Governments at UN endorse global adolescent agenda
The call for a Global Adolescent Summit initiated by the Child Health Initiative (CHI) has received support from over 20 Governments at the UN.
The CHI which is coordinated by the FIA Foundation, has been advocating for a Summit which would aim to increase funding and commitment for the main health burdens and key issues affecting adolescents – with road traffic injury a major focus.
A ‘Call to Action’ for adolescents has been issued by the CHI along with a range of international agencies including UNICEF, WHO, the Partnership for Maternal, Newborn and Child Health (PMNCH), UNFPA, the UN Major Group for Children and Youth and Plan International. Along with road traffic injury it outlines the need for resources and coordinated action on issues such as non-communicable disease, physical activity, mental health, sexual reproductive health and violence prevention. Importantly, young people themselves are leading the campaigning for the Call to Action and the Summit outlined within it.
A first briefing for Governments in New York, co-hosted by the UN Permanent Missions of Morocco and Costa Rica, was held on 11 February and organised by the CHI together with its international partners.
Delegates from 24 Governments participated in the briefing including Australia, Bangladesh, Canada, Central African Republic, Colombia, Denmark, India, Jamaica, Kenya, Mexico, Oman, Peru, Portugal, Switzerland, Sweden.
FIA Foundation Deputy Director Avi Silverman helped brief the delegates along with UNICEF global health specialist Dr. Will Zeck and Anneka Knutsson UNFPA Chief of Sexual Reproductive Health. Also leading the session was Dr. Laura Laski, who is working with the CHI and PMNCH jointly on adolescent advocacy.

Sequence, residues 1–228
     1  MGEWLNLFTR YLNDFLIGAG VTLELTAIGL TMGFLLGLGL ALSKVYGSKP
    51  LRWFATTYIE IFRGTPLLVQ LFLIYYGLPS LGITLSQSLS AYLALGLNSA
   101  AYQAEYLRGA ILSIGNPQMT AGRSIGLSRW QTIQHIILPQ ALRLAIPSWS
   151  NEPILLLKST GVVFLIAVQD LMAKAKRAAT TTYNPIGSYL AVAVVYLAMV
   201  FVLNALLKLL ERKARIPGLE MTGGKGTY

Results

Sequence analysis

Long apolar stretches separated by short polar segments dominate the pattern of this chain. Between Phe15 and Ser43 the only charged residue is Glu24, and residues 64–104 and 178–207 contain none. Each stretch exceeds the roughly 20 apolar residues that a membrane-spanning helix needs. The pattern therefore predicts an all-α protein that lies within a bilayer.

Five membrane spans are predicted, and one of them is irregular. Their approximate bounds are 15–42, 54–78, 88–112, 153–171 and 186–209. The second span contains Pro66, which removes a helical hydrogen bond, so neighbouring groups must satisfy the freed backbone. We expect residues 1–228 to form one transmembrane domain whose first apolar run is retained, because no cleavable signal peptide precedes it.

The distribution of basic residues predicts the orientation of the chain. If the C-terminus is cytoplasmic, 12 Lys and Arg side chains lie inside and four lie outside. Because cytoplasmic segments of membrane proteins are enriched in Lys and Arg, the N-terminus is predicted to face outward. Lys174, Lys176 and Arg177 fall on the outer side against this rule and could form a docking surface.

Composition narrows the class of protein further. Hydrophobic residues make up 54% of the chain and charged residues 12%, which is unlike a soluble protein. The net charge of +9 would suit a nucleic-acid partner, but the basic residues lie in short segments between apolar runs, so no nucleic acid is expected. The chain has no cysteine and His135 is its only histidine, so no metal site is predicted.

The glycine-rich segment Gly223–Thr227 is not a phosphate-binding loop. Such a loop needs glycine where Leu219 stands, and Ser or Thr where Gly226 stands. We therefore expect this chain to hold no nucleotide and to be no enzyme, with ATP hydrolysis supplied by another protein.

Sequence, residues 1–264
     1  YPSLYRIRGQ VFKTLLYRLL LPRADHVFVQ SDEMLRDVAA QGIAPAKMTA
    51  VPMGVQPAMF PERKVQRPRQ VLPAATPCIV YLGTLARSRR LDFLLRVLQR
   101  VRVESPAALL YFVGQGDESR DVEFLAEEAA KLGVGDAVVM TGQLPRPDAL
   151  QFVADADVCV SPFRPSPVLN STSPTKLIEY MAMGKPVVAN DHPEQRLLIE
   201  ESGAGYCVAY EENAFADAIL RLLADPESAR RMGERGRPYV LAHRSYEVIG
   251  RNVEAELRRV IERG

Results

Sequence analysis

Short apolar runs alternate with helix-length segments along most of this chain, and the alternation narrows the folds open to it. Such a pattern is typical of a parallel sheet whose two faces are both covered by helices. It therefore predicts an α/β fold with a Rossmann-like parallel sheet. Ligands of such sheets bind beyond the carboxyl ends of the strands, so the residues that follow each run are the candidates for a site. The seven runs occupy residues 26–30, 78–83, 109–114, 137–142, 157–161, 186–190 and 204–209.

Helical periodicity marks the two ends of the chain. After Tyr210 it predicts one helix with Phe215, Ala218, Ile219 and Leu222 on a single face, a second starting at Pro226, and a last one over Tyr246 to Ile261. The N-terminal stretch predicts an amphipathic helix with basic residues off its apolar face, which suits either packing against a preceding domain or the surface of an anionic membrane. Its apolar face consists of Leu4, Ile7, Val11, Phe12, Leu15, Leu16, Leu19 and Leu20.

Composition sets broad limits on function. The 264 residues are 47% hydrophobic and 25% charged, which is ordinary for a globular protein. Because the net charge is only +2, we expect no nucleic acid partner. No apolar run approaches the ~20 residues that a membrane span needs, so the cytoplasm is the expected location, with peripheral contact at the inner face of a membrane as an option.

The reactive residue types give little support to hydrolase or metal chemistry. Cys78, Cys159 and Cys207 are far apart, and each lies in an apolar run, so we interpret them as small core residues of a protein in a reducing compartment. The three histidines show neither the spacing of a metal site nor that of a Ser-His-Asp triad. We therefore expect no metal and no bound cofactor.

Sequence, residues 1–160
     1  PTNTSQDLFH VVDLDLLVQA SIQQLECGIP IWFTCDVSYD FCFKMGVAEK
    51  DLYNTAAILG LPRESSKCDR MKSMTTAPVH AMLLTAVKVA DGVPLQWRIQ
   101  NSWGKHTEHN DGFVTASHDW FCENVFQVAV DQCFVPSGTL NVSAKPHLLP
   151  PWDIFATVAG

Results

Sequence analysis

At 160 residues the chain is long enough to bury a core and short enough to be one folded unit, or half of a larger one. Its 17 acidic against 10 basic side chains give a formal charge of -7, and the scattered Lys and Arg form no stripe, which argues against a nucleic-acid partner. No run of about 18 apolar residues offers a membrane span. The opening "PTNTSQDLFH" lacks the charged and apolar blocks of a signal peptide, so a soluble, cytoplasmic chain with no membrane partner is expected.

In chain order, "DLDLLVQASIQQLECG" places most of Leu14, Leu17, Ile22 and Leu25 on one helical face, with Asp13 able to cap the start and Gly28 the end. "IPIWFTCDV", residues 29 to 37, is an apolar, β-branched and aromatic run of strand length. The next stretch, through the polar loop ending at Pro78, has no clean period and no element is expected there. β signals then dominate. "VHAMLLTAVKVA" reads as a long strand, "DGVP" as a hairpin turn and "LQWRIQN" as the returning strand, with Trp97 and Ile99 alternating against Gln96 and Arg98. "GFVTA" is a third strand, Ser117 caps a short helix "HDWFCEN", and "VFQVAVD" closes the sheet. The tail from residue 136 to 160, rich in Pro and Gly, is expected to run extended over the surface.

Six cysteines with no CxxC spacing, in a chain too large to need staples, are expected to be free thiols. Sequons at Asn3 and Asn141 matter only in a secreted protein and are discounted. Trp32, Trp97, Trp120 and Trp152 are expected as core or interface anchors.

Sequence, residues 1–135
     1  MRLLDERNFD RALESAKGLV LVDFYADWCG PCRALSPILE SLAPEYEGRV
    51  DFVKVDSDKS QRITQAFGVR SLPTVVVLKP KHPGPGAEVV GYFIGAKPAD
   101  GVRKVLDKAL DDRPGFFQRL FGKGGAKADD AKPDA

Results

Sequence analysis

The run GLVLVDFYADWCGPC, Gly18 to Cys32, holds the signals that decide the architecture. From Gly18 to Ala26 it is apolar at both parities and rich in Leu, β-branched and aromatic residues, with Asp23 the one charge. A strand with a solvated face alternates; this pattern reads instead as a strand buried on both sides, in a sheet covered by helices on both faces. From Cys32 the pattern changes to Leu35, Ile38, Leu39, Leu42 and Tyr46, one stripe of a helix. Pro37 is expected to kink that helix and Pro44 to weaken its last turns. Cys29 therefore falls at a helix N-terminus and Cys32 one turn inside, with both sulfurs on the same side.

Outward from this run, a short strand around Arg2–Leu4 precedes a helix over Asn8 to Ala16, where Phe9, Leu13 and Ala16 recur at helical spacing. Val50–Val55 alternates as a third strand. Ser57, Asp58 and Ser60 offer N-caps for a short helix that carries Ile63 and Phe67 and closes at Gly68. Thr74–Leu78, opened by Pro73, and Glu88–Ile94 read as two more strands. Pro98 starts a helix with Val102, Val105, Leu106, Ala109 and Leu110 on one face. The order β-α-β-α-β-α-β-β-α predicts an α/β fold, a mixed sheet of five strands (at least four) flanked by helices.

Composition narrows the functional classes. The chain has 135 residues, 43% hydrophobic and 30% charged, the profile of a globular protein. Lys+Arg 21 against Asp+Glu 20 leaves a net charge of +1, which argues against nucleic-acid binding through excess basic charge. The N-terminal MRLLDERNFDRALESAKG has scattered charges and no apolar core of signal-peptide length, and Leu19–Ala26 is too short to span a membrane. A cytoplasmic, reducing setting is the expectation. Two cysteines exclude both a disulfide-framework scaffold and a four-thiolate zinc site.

Avi Silverman said: “We’re combining the focus on road traffic injury with the major issues affecting adolescents. Globally, road crashes are the leading cause of death for this age group. It’s encouraging to see Governments and international agencies beginning to mobilise around the adolescent agenda, with road traffic injury as a central concern.
“Together with all key international agencies, we initiated the call for a Global Summit for Adolescents, which we want to see raise significant political commitment and improved financing on road traffic injury and the issues that young people face. There is growing recognition that this agenda has to be a major priority for the Sustainable Development Goals.”
In his opening remarks, Francisco Delgado Jimenez, Human Development and Social Inclusion Minister from Costa Rica highlighted the importance of road traffic injury prevention and mental health services among other priorities for adolescents. He highlighted the role of the Child Health Initiative along with the international partners and young people themselves in working to improve the health and wellbeing of adolescents.
“This is a vital agenda because by focusing on adolescents we not only improve the outcomes for them but the adults they will become and the children that they themselves will have,” he told his counterparts from other UN Member States.
Young advocates from the UN Major Group for Children and Youth also led the briefing. Jolly Amatya from Nepal, Aminata Fall from Senegal, and Satvik Sethi from India, urged the UN Member States to increase their support for adolescents as outlined in the Call to Action.
A key part of the follow-up advocacy will be a briefing for UN Missions based at the UN in Geneva, and a full launch of the Call to Action at the UN Youth Forum in April.
To download the 'Call to Action for Adolescents' summary document please click here.